Established in 1968 to honour literary excellence in the Commonwealth, the Booker Prize is one of the most prestigious literary prizes in the English-speaking world. While the winner of the Booker Prize receives £50,000 and literary stardom, as the Booker prize website observes, “both the winner and the shortlisted authors are guaranteed a worldwide readership plus a dramatic increase in book sales.”
The 2007 shortlist will be announced on September 6th, and the winner will be revealed on October 16th. This timing coincides closely with the Toronto Book Award, for which Redhill's Consolation is also a finalist. The winner of the Toronto Book Award will be announced on September 5th.
Consolation is a historical novel in the tradition of some of Toronto's best literary fiction, including Michael Ondaatje's In the Skin of a Lion and Anne Michaels' Fugitive Pieces. It's a story about memory, transience and longing, told largely in the guise of an archaeological quest for valuable photographic plates believed sunk near the long since landfilled original location of Toronto's harbour.
Redhill's use of the lost photographic plates as a fictional device is an especially fitting one in a city that has struggled with its erosions of memory even as it buries its own past as if compelled to do so. As literary scholar Germaine Warkentin observes in a 2005 essay published in the Literary Review of Canada,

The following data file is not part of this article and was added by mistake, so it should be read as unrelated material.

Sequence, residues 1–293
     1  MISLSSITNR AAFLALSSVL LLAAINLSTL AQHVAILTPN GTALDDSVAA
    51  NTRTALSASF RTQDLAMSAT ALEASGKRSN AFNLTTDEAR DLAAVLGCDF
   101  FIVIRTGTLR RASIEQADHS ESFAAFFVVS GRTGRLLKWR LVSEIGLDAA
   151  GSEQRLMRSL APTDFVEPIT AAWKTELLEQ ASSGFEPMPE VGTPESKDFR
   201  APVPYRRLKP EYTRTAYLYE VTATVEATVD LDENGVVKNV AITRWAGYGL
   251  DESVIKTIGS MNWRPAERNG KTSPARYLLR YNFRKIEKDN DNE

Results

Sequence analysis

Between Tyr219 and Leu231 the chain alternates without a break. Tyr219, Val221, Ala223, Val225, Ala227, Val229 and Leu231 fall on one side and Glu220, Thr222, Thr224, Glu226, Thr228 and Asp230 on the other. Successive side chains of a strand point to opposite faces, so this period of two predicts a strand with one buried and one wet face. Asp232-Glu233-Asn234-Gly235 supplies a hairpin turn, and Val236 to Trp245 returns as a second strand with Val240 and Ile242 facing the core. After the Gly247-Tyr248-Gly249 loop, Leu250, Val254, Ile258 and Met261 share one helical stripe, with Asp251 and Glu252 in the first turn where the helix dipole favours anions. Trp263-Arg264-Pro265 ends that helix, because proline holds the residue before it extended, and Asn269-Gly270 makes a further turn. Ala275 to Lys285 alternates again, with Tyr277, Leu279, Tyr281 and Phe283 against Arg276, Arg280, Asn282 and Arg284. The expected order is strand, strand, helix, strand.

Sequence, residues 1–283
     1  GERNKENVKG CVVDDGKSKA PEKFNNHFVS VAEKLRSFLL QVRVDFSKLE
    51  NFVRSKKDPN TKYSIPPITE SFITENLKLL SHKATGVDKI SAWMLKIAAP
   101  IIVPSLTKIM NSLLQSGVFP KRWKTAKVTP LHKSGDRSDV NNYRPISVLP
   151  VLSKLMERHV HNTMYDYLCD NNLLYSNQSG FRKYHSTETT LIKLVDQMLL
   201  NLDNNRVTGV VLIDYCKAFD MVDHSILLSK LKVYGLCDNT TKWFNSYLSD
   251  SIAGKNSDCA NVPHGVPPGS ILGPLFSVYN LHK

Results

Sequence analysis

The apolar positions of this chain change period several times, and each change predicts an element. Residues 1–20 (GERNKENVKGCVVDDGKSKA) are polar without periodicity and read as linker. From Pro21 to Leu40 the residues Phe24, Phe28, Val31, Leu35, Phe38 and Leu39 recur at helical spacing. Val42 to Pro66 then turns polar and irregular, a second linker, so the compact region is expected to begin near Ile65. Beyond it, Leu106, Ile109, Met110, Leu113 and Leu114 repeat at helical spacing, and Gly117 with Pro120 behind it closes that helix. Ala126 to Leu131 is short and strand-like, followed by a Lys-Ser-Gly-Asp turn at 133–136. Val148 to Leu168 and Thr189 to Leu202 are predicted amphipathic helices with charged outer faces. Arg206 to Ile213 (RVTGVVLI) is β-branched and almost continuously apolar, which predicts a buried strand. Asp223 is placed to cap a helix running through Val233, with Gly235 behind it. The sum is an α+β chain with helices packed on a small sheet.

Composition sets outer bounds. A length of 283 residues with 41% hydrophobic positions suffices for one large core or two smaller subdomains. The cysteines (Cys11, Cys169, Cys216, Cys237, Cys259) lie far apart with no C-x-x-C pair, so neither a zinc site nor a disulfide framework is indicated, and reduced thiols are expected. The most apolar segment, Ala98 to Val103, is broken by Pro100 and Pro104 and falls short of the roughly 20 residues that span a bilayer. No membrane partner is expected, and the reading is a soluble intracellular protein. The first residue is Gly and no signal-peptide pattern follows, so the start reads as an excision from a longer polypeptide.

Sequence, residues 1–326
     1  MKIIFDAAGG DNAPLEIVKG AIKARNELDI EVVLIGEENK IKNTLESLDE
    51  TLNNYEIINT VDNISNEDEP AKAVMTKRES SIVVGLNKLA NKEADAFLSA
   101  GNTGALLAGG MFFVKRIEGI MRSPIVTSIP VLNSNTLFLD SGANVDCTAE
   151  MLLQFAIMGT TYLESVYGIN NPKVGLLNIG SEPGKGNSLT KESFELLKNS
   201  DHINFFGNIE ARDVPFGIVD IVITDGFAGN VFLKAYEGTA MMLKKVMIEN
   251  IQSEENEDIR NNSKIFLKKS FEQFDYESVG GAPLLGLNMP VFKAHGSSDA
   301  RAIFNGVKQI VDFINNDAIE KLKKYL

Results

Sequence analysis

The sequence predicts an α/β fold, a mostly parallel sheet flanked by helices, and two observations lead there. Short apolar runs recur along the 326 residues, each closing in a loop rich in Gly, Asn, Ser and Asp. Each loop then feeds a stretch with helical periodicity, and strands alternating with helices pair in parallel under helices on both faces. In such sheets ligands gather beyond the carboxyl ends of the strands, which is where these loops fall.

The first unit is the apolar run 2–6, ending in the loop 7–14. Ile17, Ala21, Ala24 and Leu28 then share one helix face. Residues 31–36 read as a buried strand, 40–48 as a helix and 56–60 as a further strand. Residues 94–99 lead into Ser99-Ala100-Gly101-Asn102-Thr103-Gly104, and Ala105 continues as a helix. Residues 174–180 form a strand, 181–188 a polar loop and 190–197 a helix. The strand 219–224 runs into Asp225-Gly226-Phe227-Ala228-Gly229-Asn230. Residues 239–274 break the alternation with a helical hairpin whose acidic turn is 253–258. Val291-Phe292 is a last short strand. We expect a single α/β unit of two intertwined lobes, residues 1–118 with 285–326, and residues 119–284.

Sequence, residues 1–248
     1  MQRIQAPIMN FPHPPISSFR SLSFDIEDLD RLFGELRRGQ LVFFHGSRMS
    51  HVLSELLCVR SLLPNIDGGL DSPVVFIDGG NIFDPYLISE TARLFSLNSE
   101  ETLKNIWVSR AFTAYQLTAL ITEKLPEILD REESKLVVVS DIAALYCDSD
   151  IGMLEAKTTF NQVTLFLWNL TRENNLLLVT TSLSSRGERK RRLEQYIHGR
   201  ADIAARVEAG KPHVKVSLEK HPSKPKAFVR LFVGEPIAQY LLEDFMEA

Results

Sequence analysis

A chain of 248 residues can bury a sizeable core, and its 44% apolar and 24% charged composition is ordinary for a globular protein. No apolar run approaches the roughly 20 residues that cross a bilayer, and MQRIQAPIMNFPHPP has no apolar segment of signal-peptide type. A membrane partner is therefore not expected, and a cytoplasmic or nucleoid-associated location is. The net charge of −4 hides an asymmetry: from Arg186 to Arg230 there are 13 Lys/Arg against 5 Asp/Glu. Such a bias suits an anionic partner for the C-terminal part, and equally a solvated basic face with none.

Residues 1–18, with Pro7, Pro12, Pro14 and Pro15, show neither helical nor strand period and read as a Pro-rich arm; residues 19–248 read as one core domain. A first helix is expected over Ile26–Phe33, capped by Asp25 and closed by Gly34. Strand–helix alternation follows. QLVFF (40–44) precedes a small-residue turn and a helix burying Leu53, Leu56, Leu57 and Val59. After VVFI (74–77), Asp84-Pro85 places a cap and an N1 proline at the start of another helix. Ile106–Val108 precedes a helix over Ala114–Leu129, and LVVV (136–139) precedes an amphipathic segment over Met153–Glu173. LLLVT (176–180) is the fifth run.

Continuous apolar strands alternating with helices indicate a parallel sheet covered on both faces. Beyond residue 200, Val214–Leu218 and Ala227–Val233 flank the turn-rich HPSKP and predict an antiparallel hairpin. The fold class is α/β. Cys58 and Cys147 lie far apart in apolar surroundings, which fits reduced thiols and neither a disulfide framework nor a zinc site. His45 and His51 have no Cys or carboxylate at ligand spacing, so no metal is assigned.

A key difficulty in constructing the city's metaphors is the handling of meaning from one generation to the next, or across barriers of birth, class and circumstance. For a large part of its history, Toronto has been in a state of near-amnesia, seeking desperately for its own memory.But after reviewing Toronto writers' efforts to chart the city's past, Warkentin cautions, "nostalgia will not help us to explore that map of the city today." And despite its title, Consolation offers something more than mere nostalgia. It is a measured assessment, a meditation, on Toronto's propensity for banishing and then calling back its past, the killer who cannot help but return to the scene of the crime. It is a thoughtful book, exquisitely written, and well deserving of both nominations.
It is an important book for Toronto, too. If appearing on the Man Booker longlist will help propel Michael Redhill's career even further (Redhill's previous novel, Martin Sloane, was nominated for a variety of awards, including the Giller Prize and the Toronto Book Award; and his ouevre of stories, novels, poetry, and magazine writing/editing is both substantial and excellent), then the nomination will also undoubtedly increase Toronto's visibility as a literary city.
Readers interested in Toronto's photographic history will also wish to explore Sally Gibson's lovely book, Inside Toronto: Urban Interiors, 1880s to 1920s (Cormorant, 2006; also a finalist for this year's Toronto Book Award) and Maureen Jennings' detective novel set in Victorian Toronto, Night's Child (McClelland & Stewart, 2005). Michael Ondaatje's In the Skin of Lion (McClelland & Stewart, 1987) perhaps most famously references civic photography in the construction of urban identity.
[This commentary originally appeared at Reading Toronto.]